# Proving that $S^* = (S^*)^*$

I am going through some past exam paper questions on regular languages for some revision, and I am having a bit of trouble with converting general ideas into formal mathematical proofs.

The question is:

Given regular expression $$S$$, prove formally that $$S^* = (S^*)^*$$.

My problem is expressing this in a formal proof. Here is what I have worked through so far (it is a bit all over the place and just a collection of ways to express the problem mostly)

$$S^* = (S^*)^*$$

this implies:

$$S^* \subseteq (S^*)^*$$ and $$S^* \supseteq (S^*)^*$$

if we assume that there exists $$w_k$$ such that $$w_k \in S^*$$

then the base case for the proof is:

$$k = 0$$ $$(w_k = \epsilon)$$ (empty word, always in $$S^*$$ and $$(S^*)^*$$ by definition)

$$k = 1$$ $$(w_k \in S^*)$$

and that's kind of where my ability to reason ends.

I think the rest of it will be something like:

$$w_{k+1} = w_kx$$

ie. $$w_k$$ concatenated with $$x$$ where $$x \in S^*$$

but how can I show that $$w_{k+1} \in (S^*)^*$$?

Any help to push me in the right direction would be greatly appreciated.

As you observed, to show $$S^*=(S^*)^*$$ it will suffice to show $$S^*\subseteq(S^*)^*$$ and $$(S^*)^*\subseteq S^*$$. Here's a sketch of a proof of both containments.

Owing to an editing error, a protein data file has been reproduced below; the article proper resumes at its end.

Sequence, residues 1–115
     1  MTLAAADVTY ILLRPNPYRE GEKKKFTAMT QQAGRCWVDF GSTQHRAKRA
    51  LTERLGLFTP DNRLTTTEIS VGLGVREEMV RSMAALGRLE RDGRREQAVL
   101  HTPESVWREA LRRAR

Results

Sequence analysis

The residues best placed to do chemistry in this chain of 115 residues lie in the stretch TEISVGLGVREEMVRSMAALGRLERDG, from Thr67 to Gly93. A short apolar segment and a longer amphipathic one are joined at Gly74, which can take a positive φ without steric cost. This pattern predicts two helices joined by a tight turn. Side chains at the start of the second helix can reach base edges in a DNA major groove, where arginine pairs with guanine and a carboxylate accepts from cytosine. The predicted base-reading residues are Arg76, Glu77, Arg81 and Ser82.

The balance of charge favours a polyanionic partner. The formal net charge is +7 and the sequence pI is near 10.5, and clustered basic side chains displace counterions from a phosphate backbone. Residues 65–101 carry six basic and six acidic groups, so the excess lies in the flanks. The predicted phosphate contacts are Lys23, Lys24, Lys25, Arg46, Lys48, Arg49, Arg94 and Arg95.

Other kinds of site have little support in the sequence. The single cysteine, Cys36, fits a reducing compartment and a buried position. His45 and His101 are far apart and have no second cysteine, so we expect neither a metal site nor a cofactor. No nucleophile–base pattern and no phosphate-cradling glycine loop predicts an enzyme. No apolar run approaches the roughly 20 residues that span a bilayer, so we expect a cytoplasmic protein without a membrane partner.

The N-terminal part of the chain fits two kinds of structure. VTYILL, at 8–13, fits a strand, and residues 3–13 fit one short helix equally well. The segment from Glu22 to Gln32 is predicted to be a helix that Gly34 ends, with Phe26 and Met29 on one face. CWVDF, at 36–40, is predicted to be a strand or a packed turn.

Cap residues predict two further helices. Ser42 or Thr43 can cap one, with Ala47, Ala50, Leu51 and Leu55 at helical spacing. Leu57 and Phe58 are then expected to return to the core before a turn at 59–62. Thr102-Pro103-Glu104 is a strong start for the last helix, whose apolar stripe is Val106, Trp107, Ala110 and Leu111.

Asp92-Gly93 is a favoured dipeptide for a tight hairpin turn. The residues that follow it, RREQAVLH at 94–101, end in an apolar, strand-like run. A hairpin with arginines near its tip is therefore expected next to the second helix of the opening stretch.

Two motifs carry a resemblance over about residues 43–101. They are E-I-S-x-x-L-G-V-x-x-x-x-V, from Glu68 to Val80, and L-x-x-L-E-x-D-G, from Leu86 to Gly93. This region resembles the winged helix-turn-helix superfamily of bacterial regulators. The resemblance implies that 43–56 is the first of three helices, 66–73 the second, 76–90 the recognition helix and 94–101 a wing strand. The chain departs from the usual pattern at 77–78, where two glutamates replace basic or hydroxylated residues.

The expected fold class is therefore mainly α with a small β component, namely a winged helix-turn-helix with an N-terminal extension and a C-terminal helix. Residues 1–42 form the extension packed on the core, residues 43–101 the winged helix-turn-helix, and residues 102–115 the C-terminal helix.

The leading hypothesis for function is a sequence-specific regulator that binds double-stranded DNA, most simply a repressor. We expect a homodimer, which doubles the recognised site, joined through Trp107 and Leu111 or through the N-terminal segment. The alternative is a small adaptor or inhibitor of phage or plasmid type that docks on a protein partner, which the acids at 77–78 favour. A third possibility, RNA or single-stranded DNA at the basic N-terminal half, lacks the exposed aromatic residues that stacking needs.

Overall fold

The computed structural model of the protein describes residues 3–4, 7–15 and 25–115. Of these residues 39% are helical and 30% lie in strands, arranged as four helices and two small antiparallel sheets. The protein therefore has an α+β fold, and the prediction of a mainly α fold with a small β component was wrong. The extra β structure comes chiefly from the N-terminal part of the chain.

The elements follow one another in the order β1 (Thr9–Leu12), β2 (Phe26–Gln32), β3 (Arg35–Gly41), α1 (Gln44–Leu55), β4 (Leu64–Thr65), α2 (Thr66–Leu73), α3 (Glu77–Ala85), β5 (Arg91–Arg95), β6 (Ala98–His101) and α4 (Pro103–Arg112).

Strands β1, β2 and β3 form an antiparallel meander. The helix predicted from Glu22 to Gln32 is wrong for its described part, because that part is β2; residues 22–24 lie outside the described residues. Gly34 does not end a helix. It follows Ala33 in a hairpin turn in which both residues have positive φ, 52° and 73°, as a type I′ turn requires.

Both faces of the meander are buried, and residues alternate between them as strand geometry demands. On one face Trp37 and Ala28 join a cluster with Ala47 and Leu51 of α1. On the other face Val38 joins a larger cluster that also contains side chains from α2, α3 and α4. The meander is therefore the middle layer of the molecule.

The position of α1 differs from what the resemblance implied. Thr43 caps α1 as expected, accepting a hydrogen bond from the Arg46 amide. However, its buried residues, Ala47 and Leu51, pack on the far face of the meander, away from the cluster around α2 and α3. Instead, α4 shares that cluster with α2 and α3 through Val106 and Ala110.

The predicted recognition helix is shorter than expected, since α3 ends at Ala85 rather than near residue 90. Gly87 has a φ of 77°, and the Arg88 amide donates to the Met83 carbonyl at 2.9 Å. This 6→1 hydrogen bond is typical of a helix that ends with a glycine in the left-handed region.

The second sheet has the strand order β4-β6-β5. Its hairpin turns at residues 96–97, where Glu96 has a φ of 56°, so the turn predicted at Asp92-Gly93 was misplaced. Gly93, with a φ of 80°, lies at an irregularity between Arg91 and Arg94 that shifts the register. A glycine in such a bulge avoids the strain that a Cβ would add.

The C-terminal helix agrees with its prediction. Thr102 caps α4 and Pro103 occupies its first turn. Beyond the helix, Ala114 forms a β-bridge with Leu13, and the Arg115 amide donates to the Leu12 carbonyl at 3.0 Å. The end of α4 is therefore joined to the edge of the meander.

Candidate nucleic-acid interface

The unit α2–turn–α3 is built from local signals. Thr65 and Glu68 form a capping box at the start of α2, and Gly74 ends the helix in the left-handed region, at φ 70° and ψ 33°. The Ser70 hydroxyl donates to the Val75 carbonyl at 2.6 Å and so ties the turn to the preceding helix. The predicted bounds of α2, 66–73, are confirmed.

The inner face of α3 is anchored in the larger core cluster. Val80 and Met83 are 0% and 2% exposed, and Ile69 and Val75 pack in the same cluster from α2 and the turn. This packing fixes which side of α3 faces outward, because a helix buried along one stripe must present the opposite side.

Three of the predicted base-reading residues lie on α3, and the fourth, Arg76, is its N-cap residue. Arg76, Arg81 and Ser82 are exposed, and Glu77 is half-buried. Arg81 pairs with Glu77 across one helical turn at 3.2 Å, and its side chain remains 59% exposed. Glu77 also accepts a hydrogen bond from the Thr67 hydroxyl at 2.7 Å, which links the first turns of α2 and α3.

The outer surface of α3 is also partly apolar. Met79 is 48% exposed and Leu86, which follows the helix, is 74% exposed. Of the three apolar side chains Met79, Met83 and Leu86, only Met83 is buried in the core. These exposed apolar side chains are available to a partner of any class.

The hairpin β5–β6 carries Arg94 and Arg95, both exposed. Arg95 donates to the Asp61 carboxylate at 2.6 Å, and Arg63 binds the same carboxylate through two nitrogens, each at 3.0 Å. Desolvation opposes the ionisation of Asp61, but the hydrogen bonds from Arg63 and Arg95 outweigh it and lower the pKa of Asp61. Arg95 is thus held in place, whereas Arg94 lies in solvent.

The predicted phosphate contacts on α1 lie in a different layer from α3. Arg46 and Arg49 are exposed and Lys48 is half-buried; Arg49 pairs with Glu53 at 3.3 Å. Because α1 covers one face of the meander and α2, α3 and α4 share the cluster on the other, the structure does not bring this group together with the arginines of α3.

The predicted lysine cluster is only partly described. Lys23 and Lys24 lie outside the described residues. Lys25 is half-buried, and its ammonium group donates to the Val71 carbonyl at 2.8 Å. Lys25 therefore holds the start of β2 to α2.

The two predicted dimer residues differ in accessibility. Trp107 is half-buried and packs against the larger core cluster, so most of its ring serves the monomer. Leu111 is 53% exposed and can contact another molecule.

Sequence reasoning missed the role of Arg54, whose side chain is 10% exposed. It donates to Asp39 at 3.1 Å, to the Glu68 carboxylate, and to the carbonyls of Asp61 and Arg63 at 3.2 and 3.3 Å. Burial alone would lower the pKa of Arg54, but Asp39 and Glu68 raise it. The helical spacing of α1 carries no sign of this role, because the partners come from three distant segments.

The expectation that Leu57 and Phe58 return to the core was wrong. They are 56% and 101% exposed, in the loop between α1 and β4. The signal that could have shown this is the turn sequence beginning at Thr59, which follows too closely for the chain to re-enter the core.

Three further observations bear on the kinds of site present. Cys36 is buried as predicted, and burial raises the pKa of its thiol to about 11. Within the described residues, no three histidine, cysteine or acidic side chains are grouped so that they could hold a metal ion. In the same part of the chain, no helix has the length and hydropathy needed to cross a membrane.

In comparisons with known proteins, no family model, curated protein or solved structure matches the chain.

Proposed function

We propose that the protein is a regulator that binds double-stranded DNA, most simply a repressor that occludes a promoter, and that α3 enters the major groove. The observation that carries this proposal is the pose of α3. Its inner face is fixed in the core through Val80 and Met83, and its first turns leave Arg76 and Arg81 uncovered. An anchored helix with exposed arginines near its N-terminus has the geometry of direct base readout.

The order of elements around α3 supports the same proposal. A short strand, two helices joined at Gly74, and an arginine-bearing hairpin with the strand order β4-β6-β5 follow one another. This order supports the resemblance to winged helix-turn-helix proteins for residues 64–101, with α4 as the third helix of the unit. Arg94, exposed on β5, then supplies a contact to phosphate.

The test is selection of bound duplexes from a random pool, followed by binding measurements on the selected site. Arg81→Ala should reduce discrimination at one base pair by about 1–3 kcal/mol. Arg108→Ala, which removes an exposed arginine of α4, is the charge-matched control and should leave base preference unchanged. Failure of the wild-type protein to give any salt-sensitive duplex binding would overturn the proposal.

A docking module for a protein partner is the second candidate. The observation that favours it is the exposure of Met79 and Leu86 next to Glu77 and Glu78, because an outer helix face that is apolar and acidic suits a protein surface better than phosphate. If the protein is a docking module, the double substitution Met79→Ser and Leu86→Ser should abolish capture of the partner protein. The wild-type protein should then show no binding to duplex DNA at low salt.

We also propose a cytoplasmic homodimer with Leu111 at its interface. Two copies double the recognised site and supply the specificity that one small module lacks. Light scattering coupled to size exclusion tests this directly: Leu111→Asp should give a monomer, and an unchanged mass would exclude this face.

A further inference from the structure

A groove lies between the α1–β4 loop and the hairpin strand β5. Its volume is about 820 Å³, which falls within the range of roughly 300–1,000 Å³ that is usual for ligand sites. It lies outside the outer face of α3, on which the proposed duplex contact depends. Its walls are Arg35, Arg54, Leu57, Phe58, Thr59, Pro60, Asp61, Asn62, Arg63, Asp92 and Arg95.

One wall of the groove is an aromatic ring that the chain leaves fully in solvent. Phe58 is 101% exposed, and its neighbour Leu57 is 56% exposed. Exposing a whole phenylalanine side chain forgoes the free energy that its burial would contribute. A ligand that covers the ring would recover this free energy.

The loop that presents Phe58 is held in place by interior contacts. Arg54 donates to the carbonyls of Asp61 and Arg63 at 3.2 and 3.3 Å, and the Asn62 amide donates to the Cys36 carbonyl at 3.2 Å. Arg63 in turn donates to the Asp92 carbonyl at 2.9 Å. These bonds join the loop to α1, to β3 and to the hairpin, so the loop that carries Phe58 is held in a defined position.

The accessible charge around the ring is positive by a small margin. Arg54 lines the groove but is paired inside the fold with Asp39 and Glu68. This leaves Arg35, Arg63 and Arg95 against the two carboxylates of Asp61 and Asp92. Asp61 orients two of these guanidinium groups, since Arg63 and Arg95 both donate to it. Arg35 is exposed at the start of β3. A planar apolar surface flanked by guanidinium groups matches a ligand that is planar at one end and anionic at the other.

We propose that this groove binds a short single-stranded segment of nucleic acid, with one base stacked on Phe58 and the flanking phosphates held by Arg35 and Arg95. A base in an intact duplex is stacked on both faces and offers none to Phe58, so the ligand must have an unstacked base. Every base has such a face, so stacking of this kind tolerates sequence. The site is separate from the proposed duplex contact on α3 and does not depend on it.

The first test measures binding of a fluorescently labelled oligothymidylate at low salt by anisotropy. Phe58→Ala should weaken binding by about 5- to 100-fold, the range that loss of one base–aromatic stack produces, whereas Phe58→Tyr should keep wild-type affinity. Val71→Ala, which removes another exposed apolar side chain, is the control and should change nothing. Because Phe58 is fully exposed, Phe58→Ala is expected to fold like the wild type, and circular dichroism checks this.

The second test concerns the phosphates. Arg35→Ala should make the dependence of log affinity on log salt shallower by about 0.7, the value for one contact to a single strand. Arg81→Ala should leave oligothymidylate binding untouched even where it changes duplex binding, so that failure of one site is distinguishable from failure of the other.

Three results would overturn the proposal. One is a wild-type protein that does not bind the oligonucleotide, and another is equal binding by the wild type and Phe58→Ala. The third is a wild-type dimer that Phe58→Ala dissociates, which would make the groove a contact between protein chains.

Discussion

For a language $$A$$, define $$A^*=\{x_1x_2\dots x_n\mid n\ge 0\text{ and each }x_i\in A\}$$. Then (with $$n=1$$) it's clear that for all $$x\in A$$ we'll have $$x\in A^*$$, establishing that $$S^*\subseteq(S^*)^*$$.
To show containment in the opposite direction, let $$x\in (S^*)^*$$, then by definition we'll have $$x=y_1y_2\dots y_n$$ where $$y_i\in S^*$$ for all $$1 \le i\le n$$. Then, again by definition, we'll have $$y_i=z_{i1}z_{i2}\dots z_{in_i}$$ where $$z_{ij}\in S$$ for all suitable $$i$$. We'll then have $$x=(z_{11}z_{12}\dots z_{1n_1})(z_{21}z_{22}\dots z_{2n_2})\dots(z_{n1}z_{n2}\dots z_{nn_n})$$ where each $$z_{ij}\in S$$. Applying the definition of star one more time we see that $$x\in S^*$$, establishing that $$(S^*)^*\subseteq S^*$$ and hence the desired equality.
Let L be the set of strings derived from S. Prove that both expressions produce exactly the strings $$L_1 L_2 ... L_k$$ for k >= 0 where each $$L_j$$ is in L, and no others.